Keratoconus is also known as pellucid and is a progressive disorder that causes the cornea to become thinner and steeper. This results in a person’s vision being distorted and havingan increased sensitivity to glare and light.
To strengthen the cornea, doctors can perform an in-office procedure known as corneal cross-linking. The procedure is relatively simple. It involves applying riboflavin (vitamin B2) to the eye’s surface and following it up with a controlled application of ultraviolet light.
Depending on an individual case, the thin outer layer of the eye, the epithelium, may or may not be removed to facilitate the application of the riboflavin. Crosslinking is generally most effective before the cornea has become too irregularly shaped or there has been a significant amount of vision loss.
Crosslinking has also been shown to be effective in treating corneal infections, especially those that have not responded to topical antibiotics.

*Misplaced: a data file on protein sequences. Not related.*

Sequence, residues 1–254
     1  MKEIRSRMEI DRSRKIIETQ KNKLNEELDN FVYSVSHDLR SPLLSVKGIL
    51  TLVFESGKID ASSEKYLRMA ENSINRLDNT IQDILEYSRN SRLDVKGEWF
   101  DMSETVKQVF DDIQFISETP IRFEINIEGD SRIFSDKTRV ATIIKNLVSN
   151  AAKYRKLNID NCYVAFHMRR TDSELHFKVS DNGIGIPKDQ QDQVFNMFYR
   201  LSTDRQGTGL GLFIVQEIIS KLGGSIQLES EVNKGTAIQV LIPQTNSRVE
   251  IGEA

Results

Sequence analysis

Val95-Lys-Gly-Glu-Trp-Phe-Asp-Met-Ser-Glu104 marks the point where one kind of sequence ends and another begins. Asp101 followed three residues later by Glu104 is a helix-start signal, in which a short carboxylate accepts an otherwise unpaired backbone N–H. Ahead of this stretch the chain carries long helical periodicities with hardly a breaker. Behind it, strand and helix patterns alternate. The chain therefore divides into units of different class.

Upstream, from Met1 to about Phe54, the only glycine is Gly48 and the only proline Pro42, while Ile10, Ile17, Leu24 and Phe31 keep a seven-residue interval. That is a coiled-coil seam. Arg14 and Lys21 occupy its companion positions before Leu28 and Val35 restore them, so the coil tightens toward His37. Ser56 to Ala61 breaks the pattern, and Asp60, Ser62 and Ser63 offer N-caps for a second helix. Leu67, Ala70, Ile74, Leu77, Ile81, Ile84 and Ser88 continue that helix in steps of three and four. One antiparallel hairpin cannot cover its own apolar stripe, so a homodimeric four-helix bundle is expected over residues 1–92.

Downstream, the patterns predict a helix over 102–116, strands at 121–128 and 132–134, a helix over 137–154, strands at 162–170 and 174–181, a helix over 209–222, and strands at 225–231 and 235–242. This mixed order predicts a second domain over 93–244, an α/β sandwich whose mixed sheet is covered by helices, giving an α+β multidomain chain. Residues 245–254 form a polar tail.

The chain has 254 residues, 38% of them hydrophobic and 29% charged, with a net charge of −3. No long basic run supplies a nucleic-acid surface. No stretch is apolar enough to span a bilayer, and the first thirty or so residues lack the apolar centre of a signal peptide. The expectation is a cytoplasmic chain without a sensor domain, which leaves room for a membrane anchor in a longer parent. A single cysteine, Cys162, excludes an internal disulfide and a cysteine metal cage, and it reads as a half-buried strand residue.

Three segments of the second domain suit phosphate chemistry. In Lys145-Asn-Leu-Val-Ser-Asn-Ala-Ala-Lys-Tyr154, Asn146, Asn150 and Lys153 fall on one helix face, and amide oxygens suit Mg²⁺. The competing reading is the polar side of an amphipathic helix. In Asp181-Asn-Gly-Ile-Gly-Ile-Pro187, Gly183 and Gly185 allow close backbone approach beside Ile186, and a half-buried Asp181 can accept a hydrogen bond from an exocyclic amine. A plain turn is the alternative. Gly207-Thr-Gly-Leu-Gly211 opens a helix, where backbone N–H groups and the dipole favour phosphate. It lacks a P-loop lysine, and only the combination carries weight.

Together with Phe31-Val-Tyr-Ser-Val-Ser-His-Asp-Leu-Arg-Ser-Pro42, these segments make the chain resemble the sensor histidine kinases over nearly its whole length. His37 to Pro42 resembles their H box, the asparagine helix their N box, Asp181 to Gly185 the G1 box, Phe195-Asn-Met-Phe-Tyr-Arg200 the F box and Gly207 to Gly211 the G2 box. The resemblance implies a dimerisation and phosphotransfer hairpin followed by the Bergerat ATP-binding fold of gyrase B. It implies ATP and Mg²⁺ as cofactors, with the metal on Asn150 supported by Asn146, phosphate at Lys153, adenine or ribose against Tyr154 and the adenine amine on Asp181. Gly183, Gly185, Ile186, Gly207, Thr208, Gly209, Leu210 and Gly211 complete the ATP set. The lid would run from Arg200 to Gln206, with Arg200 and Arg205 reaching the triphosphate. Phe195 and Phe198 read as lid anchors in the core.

Crosslinking can be done by itself, but in many cases, it is combined with other treatments to fight the effects of keratoconus.
In some cases, small arc-shaped corneal implants call Intacs are installed to help reshape and stabilize the eye. This is more likely to happen in severe cases of keratoconus.
Although the procedure has been performed more than 200,000 times, it has not been approved by the FDA in the United States. Patients who want to undergo this treatment can have the procedure done by participating in a clinical trial that evaluates the safety and efficacy of crosslinking. And, because it has not been FDA approved, crosslinking is generally not covered by insurance.
For those who have had crosslinking, studies have shown that it is effective in 99 percent of patients who either remain stable or show improvement in the shape of their cornea.
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